This is followed to its junction with Mallards Way, which the route crosses continuing ahead alongside a small pond, photo 7. At the end of the pond the route heads to the right, where in somewhat typical fashion for much of the path there was no signage, before heading uphill past a playing field where a junior football game was taking place, to join a road. Here we headed to the left, crossing over a mini roundabout by the Orchard Spot pub before joining a footpath which heads up some steps with houses on the right and trees to the left. Reaching the end of this stretch of path the route reaches a large open field, photo 8, where the Len Valley Walk heads to the left along the field edge. Having headed uphill there were good views across Bearsted and the Len valley over to the North Downs, photo 9.

Path by Green Hill
Heading along the Caring Road
Old Mill Pond, Nr Leeds Kent
(10) Path by Green Hill
(11) Heading along the Caring Road
(12) Old Mill Pond, Nr Leeds Kent

Reaching a road, Green Hill, the route heads straight across, joining a driveway that runs past a few houses and some barns before joining a field edge path that heads steeply downhill to cross a small stream, photo 10. The path then heads diagonally to the left, uphill across the next field before heading to the right along a field planted with raspberry canes. The route then heads to the left along the edge of a scrubby area of ground to reach Caring Road, photo 11. Here we headed to the right, following the quiet lane past a number of fine houses up to its junction with Caring Lane. Once again the signage had disappeared although we correctly deduced that the route headed to the left at the junction. A short distance down the road we joined a footpath on the right, where there was a Len Valley Walk way mark. This path heads round to a big field where the route heads uphill to the right. Reaching the top of this field the path then heads to the left a few yards along the field edge before crossing over a stile and heading to the left along a narrow fence lined stretch of path running between fields. This heads down to some trees and joins a driveway running close past a house and on to Old Mill Road. Here the route continues ahead over the road,first however we detoured slightly off route to view the Old Mill Pond, photo 12, and Maria left us to walk over to Hollingbourne station for her train home. The mill that had once stood here was still a paper mill in 1847 but had been converted to a corn mill by 1852 In 1908, the mill was being used to grind cocoa beans however the mill had probably ceased work by 1922 and was idle by 1928. It was eventually demolished in 1955.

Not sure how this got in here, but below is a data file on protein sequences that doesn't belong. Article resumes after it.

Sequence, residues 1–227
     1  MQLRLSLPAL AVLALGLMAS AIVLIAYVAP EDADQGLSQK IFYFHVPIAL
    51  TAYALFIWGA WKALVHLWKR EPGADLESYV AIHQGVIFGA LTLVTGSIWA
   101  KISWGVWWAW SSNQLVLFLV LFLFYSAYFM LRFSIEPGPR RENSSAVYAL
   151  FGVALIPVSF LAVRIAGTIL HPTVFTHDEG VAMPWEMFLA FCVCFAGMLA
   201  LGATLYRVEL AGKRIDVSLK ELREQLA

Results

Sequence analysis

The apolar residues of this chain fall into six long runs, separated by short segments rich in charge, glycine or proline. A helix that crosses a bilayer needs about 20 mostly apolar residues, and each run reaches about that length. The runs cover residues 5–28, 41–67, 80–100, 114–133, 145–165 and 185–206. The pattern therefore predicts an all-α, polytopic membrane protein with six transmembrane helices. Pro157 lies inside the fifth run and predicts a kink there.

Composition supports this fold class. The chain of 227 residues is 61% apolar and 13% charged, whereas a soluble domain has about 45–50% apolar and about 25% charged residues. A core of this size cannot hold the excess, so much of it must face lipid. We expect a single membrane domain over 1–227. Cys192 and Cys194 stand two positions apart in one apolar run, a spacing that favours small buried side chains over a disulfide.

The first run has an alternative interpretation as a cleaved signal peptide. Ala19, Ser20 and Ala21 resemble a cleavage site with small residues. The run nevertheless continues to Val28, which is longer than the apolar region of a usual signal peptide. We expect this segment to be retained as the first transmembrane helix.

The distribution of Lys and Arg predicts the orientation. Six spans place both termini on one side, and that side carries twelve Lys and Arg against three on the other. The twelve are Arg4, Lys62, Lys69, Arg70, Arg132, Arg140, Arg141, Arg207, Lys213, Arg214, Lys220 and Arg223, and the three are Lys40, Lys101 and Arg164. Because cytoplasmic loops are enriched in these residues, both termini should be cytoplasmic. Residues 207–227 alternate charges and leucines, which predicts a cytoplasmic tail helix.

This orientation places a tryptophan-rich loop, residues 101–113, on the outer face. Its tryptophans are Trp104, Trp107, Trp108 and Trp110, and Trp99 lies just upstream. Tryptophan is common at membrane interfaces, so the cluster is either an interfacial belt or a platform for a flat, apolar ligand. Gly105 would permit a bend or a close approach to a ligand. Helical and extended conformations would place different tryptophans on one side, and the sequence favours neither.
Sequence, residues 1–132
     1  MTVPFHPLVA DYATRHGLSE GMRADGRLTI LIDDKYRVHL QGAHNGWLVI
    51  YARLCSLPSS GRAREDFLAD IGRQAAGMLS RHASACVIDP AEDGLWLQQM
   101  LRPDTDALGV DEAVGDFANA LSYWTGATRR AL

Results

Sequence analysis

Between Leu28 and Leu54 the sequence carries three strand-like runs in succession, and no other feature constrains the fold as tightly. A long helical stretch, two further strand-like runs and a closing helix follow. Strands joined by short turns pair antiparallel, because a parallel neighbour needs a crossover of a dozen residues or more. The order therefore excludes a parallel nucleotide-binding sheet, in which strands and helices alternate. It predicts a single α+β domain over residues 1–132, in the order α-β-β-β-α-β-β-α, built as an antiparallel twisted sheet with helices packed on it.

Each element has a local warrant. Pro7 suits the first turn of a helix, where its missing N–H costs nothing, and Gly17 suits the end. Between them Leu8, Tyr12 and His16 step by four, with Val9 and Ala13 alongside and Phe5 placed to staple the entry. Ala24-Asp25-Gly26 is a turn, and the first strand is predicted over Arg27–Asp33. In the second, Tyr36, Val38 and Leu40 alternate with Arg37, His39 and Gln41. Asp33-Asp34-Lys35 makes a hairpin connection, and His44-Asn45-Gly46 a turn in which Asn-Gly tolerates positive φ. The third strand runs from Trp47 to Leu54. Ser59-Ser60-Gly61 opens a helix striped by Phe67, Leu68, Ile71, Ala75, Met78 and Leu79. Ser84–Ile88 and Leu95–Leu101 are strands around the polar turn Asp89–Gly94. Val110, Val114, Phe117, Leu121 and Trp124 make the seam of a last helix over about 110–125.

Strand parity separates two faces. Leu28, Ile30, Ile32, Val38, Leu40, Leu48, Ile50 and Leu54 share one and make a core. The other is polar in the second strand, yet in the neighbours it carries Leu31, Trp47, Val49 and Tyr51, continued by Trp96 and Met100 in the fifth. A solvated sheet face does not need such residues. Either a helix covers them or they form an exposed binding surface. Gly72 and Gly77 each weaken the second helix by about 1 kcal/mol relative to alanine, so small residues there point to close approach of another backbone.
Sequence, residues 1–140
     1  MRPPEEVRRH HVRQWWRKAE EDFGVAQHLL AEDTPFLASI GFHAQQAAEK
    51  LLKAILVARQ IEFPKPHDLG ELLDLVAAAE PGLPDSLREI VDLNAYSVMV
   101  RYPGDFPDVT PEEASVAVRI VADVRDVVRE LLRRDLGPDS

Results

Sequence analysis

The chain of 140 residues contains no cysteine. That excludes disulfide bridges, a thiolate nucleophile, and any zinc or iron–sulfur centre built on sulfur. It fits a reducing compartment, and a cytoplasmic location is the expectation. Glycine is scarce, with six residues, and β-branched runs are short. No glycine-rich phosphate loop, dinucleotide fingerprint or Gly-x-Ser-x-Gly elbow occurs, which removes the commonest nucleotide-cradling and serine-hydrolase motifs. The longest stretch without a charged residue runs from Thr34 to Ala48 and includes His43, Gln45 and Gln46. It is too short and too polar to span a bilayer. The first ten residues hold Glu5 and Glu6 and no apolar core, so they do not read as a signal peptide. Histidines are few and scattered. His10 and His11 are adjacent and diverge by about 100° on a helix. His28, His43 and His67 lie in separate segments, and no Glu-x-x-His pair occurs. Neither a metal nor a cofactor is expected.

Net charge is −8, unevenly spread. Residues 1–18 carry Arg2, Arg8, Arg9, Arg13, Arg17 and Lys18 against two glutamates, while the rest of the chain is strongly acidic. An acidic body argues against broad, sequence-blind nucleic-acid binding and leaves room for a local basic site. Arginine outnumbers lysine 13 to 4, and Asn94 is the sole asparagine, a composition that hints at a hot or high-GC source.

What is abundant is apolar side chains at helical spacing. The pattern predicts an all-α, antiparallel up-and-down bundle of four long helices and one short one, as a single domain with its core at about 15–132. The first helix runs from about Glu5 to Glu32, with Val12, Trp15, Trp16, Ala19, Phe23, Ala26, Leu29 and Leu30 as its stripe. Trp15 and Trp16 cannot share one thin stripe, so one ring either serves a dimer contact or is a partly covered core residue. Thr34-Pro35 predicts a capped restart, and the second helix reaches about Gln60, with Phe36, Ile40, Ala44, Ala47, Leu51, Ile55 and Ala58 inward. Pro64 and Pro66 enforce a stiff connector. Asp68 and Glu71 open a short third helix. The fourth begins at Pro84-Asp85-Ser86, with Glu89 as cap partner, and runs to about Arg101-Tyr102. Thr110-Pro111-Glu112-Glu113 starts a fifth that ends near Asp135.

Field leaving Old Mill Road
 A Large Mushroom
St Nicholas's Church, Leeds, Kent
(13) Field leaving Old Mill Road
(14) A large mushroom
(15) St Nicholas's Church, Leeds, Kent

Back on course, we joined another footpath running over another large open field, photo 13, where there were a number of large mushrooms also growing, photo 14. Reaching the end of the field the route bears to the left and crosses another area of scrubby ground to join a surface track which the route follows to the right for a short distance before joining on the left. This head across a field up to the main road in Leeds, besides the primary school. Crossing the road we headed into the churchyard of St Nicholas's Church, photo 15, where we stopped for our lunch break. We could only find one broken and unusable bench in the rather overgrown churchyard however myself, Dave and Tommy sat in the sun against the church wall, enjoying the warm sunshine while the others sat on a bench outside the front of the church.

Leeds Castle
Leeds Castle
Woodland Path nr Leeds Castle
(16) Leeds Castle
(17) Leeds Castle
(18) Woodland Path nr Leeds Castle